The sky-high rents in New York City explains the proliferation of hybrid working spaces, like a surfboard and coffee shop, a clothing store and juice counter, but Beverly's Bar in the Lower East Side has changed the game with their full service bar and art gallery mash-up.
We caught up with the curator Leah Dixon about working with what you know, so you can keep doing what you love. See what she has to say about making work awesome in our interview below. And when you’re done reading this, head over to Essex Street and get a drink, because it's Friday.
Hi Leah! Thanks for letting us interview you. Let’s start with: how long have you been pursuing this dream occupation?
My partners and I are always on our toes about how to make sure that first and foremost, it's fun and interesting. If what's fun and interesting makes money - then that's great. Bare minimum we know how to run a good bar, full of awesome people, that pays for itself. It's all about the atmosphere. I've been a bartender for over seven years, and that experience, along with my partners' service industry experience, was absolutely crucial to our understanding how to build Beverly's as a business... but we are still learning. The term "dream occupation" is too self-satisfactory. How about having fun, forging connections, and being able to afford to stay in New York.
How did you decide that opening a bar was the most balanced option for an art space? Or was it the other way around?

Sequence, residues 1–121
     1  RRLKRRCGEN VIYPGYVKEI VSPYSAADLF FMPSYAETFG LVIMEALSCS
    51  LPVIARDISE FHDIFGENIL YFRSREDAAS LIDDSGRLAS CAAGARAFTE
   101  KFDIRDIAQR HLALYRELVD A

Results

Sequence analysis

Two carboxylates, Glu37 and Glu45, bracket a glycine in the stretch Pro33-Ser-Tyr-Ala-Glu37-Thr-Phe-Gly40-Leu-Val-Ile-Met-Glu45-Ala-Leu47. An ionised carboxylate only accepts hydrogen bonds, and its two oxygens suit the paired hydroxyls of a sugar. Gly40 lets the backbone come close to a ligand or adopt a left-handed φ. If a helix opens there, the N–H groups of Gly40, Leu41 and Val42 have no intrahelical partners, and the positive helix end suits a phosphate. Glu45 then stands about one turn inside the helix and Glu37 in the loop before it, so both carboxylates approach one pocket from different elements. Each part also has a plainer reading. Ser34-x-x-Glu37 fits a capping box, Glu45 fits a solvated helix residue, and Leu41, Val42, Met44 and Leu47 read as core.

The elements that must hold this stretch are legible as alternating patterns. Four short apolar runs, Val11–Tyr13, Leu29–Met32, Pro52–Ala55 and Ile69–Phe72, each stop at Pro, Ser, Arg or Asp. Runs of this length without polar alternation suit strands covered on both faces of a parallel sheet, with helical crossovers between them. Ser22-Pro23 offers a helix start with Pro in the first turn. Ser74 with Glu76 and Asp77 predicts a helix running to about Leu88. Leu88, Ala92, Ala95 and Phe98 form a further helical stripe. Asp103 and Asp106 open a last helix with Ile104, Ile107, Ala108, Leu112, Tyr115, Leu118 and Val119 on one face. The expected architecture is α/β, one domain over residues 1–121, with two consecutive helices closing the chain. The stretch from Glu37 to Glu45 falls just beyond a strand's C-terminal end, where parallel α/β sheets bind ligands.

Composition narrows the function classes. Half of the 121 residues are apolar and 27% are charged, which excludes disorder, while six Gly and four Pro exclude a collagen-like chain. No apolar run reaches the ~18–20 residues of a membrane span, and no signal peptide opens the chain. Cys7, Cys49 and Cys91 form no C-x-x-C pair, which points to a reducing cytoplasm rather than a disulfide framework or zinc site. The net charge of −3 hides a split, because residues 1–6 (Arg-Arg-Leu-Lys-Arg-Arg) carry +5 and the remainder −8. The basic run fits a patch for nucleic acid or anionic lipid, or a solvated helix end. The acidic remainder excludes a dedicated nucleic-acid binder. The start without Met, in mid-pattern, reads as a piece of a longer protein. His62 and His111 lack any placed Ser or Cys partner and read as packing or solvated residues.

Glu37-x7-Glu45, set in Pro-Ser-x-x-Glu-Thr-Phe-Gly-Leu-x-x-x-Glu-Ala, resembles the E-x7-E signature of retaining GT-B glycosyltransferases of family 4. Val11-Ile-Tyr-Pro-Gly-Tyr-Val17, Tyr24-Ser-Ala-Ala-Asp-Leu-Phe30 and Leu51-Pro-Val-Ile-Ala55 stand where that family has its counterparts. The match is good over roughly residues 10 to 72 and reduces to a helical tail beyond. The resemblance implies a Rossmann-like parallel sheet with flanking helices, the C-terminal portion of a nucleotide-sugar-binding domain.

I felt as though there was a big hole in how the art community was being addressed by the service industry... Which is weird because so many artists also work as waiters, bartenders, hosts, etc. I also knew from my many years of bartending that bringing people together in a positive environment is incredibly fulfilling and creative. My partners and I truly believe that if we can maintain a space that never becomes too comfortable with itself, that we will be a success. How to brand an un-brand? This is at the heart of what artists do. Artists want people to see their work. Beverly's wants to maintain conceptual flexibility.
What about having a hybrid space do you find so satisfying or compelling?
It's a way to flatten often-useless hierarchies. Bars, by nature, have virtually no class system. Everyone pees in the same toilet. Everyone has to say "excuse me" when they bump into someone. Everyone searches for the same nirvana on the dance floor. The best bars are places where everyone walks in the door with no expectations, and with open eyes. Many artists really want this kind of diverse audience. Also, the work that has been in Beverly's so far, just looks awesome in there. It's exciting to be around people who are excited. The artists who work with Beverly's are just that.... brimming over with ideas and ambition and opinions. That is hands down the best part of running a hybrid space. And then after all of that we get to have a drink and dance.
What's the ultimate goal for Beverly's? Is there a prize that you would love to win for Beverly's (think equivalent of Pulitzer for art spaces. Does this even exist? I don't know)
How about winning the lottery, so that we could create our own prize. I think that Beverly's would love to age gracefully and loudly.
What's up next for you guys?
We want to have more off-site events and exhibitions, and then all head back to Beverly's to celebrate them. We have lots of ideas and possibilities floating around. We just have to commit to one or ten. But we aren't even a year old, so there is no hurry. We mainly just want to continue to be a great bar.
And finally, who is Beverly?
She is a fabulous older woman, and if someone wants to know more about her (she really is quite a character), they should come into the bar and ask!